His counsel, Gerald Osborne Slade KC, meanwhile, tried to show that the accused was mentally ill. Amery's sanity was questioned by his own father, Leo, but all efforts to have the court consider his mental state were unsuccessful.[4] Further attempts at a defence were suddenly abandoned on the first day of his trial, 28 November 1945, when to general astonishment, Amery pleaded guilty to eight charges of treason. He was immediately sentenced to death. The entire trial lasted just eight minutes from start to finish.

Before accepting Amery's guilty plea, the judge, Mr. Justice Humphreys, made certain that Amery realised what the consequences would be; viz., it guaranteed that he would immediately be sentenced to death by hanging because there was no other permissible penalty. After satisfying himself that Amery fully understood the consequences of pleading guilty, the judge announced this verdict:

John Amery ... I am satisfied that you knew what you did and that you did it intentionally and deliberately after you had received warning from ... your fellow countrymen that the course you were pursuing amounted to high treason. They called you a traitor and you heard them; but in spite of that you continued in that course. You now stand a self-confessed traitor to your King and country, and you have forfeited your right to live.[5]

Amery was hanged in Wandsworth Prison on Wednesday, 19 December 1945 and was buried in the prison cemetery. In 1996 Julian Amery had his brother's body exhumed and cremated, scattering his ashes in France.[6]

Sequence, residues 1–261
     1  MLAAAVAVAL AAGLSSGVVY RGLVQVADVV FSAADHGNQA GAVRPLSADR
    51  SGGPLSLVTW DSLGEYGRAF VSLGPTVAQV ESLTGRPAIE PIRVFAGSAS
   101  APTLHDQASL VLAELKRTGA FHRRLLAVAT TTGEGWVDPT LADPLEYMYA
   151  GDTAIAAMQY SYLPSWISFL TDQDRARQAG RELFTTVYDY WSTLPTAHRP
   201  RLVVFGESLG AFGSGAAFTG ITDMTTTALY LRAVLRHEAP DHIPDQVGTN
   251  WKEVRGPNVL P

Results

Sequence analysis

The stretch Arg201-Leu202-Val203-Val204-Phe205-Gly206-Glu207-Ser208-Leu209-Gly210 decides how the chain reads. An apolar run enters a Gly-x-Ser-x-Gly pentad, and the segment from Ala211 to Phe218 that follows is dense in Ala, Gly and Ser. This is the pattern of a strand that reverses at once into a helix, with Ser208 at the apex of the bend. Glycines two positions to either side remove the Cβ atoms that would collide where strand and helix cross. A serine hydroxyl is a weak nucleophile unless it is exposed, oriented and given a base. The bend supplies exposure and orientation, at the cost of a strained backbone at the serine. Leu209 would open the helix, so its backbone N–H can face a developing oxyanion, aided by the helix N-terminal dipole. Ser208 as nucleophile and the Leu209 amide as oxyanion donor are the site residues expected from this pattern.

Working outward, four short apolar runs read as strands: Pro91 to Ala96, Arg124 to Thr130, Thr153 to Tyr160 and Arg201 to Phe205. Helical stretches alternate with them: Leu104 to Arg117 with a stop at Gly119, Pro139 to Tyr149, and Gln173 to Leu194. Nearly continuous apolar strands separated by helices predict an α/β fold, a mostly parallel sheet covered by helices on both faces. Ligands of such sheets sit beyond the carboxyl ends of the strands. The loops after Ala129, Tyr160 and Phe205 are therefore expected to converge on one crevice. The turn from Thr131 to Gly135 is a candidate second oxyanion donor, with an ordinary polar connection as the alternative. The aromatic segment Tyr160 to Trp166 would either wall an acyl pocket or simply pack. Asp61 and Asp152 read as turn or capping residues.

An epitaph by his father appears in The Empire at Bay. The Leo Amery Diaries. 1929–1945:

At end of wayward days he found a cause –
'Twas not his Country's – Only time can tell
If that defiance of our ancient laws
Was treason or foreknowledge. He sleeps well.

Cultural references[edit]

Ronald Harwood's play An English Tragedy, charting the weeks leading up to Amery's execution following his arrest in Italy and trial in London, adapted for radio by Bert Coules, was broadcast by BBC Radio 4 on 8 May 2010 and 13 April 2012. The cast included Geoffrey Streatfeild as Amery and Sir Derek Jacobi as Leo Amery.

In the British TV crime drama Foyle's War, the finale of series 7 ("The Hide"; 2010) is loosely based on Amery's case. Like Amery, the fictional character of James Deveraux is born to a British establishment family, having MPs and government ministers as relatives. Like Amery, Deveraux pleads guilty and is sentenced to death. However, in the end Deveraux turns out to be a British spy serving MI9 and reporting German troop movements.[4]

See also[edit]


  1. ^ GRO Register of Births: JUN 1912 1a 719 CHELSEA – John Amery, mmn = Greenwood
  2. ^ a b Faber, 2005
  3. ^
  4. ^ a b Colebatch, 2013.
  5. ^ "Amery sentenced to death: "A self-confessed traitor."". The Times (50312). 29 November 1945. p. 2.
  6. ^ Harwood, Ronald (March 5, 2008). "Why the son of a Churchill cabinet minister became a mouthpiece for Hitler". MailOnline. Retrieved June 27, 2018.

External links[edit]